Friday, July 23, 2010

Theorizing Activism

Before this class, I had some understanding of the various concepts addressed such as oppression and privilege because of Sociology classes I have taken. However, this class delved much deeper into types of feminism I had never heard of, various feminists of the past, how far we have come and still need to come, and ways in which I can provoke some change in my daily life.
I think that many people have thrown in the towel of feminist change so to speak. This is especially true of people in the US because we are certainly privileged when compared to developing countries. Despite the fact that women in the US can now vote, go to college, and start careers while raising a family is a big feat. However, there are gender stereotypes, the media, and attitudes of our culture that are harmful to women. Women can never truly be themselves because they have to speak, look, and act like a woman. Women are still discouraged from working toward certain “manly” careers as we can see from the low number of female computer science majors at JMU for example. You can even say women’s lives are becoming more stressful because many have to juggle both a career and the screaming children.
Educating people about feminism is not enough to promote the change we need. Both men and women alike must be aware of their dialogue, communicate to our partners that responsibilities should be shared, and be mindful of the media and musical culture and how it can subconsciously reinforce our gender stereotypes. We must appreciate the differences of all people and embrace a future of social change.

Thursday, July 22, 2010

Reproductive Rights

Women too often base their reproductive decisions on the stereotypes of a patriarchal society. Women are identified as the nurturers and caretakers. Therefore, they are pressured into becoming a mother even if it is not in their cards, is damaging to their health, etc. If women have problems conceiving, they often feel like they are not a true women and they won’t ever be desired by a man. Women are looked at by many men as sexual creatures and unfortunately can mainly be defined by this aspect.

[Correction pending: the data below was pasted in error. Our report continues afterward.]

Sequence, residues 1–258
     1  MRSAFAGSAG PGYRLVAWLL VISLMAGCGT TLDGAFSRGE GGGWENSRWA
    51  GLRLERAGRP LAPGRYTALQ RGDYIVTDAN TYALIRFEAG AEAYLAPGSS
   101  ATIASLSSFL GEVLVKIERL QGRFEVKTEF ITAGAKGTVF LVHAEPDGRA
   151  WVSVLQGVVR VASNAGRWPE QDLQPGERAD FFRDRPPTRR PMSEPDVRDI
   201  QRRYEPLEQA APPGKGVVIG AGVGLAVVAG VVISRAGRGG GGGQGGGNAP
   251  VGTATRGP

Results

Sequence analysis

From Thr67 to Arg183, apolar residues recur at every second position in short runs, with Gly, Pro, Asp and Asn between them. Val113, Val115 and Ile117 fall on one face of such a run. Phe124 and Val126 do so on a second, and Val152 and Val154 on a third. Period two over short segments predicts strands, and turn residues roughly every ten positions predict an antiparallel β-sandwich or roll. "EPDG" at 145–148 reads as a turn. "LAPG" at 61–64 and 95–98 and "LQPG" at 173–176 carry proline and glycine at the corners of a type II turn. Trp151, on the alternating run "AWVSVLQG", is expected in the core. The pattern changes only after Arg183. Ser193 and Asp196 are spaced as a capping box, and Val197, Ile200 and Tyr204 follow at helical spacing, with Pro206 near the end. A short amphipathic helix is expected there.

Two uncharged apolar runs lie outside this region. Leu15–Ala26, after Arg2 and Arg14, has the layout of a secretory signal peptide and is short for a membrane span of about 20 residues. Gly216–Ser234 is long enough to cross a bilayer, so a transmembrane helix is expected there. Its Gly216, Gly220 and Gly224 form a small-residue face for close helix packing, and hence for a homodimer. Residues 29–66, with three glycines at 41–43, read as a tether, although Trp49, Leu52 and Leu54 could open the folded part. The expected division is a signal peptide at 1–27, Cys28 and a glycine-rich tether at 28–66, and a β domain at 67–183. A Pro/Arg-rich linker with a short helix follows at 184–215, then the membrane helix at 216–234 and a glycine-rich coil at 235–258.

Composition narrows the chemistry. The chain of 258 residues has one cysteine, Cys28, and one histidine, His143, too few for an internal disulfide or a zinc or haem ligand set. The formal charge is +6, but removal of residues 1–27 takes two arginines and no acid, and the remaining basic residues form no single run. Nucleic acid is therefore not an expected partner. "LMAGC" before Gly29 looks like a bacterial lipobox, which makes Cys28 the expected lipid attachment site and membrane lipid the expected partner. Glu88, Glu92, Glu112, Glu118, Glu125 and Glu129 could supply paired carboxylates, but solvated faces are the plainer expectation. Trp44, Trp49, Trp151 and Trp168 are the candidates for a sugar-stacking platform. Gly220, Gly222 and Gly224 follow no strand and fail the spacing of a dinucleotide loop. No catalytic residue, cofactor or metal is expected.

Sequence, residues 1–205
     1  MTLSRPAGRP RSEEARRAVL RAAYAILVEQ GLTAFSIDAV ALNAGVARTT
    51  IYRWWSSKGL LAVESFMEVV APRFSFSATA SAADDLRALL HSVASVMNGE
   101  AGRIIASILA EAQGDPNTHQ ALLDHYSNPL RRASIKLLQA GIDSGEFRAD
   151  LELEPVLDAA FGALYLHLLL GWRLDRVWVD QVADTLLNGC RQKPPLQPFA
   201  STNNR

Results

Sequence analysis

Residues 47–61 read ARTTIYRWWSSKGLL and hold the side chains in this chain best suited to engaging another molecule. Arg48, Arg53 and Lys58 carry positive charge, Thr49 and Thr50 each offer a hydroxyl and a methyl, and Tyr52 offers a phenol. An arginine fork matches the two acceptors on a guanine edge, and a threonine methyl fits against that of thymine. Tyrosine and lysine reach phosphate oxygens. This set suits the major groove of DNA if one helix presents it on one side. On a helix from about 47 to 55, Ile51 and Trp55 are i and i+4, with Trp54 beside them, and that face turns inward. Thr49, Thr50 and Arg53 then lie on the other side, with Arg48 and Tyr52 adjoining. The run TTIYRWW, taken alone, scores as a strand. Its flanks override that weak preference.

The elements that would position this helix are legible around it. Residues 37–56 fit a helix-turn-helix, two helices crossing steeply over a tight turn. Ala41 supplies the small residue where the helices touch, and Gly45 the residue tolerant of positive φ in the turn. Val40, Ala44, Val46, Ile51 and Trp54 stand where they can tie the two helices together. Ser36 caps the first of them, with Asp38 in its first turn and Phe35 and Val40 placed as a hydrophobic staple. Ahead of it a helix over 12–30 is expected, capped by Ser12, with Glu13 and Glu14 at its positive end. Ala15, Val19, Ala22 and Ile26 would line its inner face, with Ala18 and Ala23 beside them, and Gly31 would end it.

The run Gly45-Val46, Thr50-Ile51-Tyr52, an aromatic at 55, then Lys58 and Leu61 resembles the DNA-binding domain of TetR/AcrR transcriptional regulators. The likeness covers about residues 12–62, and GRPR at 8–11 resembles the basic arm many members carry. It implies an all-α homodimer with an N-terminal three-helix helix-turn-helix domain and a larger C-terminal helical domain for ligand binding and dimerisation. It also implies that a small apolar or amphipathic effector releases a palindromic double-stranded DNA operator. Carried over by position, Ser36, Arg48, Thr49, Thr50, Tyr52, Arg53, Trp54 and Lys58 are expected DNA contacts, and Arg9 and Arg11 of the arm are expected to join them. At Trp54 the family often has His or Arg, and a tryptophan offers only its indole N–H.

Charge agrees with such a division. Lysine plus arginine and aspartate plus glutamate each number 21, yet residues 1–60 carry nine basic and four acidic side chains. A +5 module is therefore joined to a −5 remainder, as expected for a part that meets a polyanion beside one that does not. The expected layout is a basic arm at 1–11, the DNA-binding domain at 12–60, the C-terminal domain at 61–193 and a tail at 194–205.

Due to class and race differences, some women don’t have the choice in their reproductive rights. Women in impoverished situations are often denied birth control and adequate care if they are expecting. This variation of opportunities women have seems to say, “This wealthier white woman’s health and judgment is more important.” In our capitalistic society, this makes perfect sense because everything is driven by profit and morals are thrown out the window.

Reproductive choices are important for women because it gives them a sense of entitlement. So many aspects are life are controlled by men that is nice to be in control of something so valuable and unique to women. Also, many women become pregnant due to rape which is directly influenced by our patriarchal society. Women don’t often have control over rapes but they certainly should have control of the consequences.

Gendered Violence

When women are immersed in violence in their lives, where women are the victim most often, it seems to strengthen the ties of patriarchy. It makes women afraid and therefore timid and submissive to the man. Therefore, it makes women vulnerable and many women don’t trust any men due to harsh experiences they have had with violence. Violence affects behavior to such a degree that women keep pepper spray on hand and think twice about walking alone at night. However, due to our society’s acceptance of men being more aggressive creatures, it is easier for women to make excuses for men’s outlandish behavior especially when it comes to domestic violence such as wife beating. After all, the dominance of men and the gender stereotype of the “masculine” man I think is the main explanation that the man is usually the abuser.

JMU has several awareness programs about abuse that I’m sure are quite helpful. There are also emergency phones scattered throughout campus so that students can get help if they need it. However, the dorms are easily accessed by perpetrators because many students either hold the door from them to be nice or they follow another student in that has a card. Much to the inconvenience of students, I think that all dorms should have number codes, because this may provide more safety for all. Another thing to keep in mind is what happens on the weekends. When alcohol comes into play at parties, women are at their most vulnerable to abuse by men. Police can only help with underage drinking outside of apartments and school property, but who is going to help those other college women inside those apartments? The bottom line is that we women must be careful in situations such as these, look after ourselves, and stay with a group of trusted friends who care about your well being.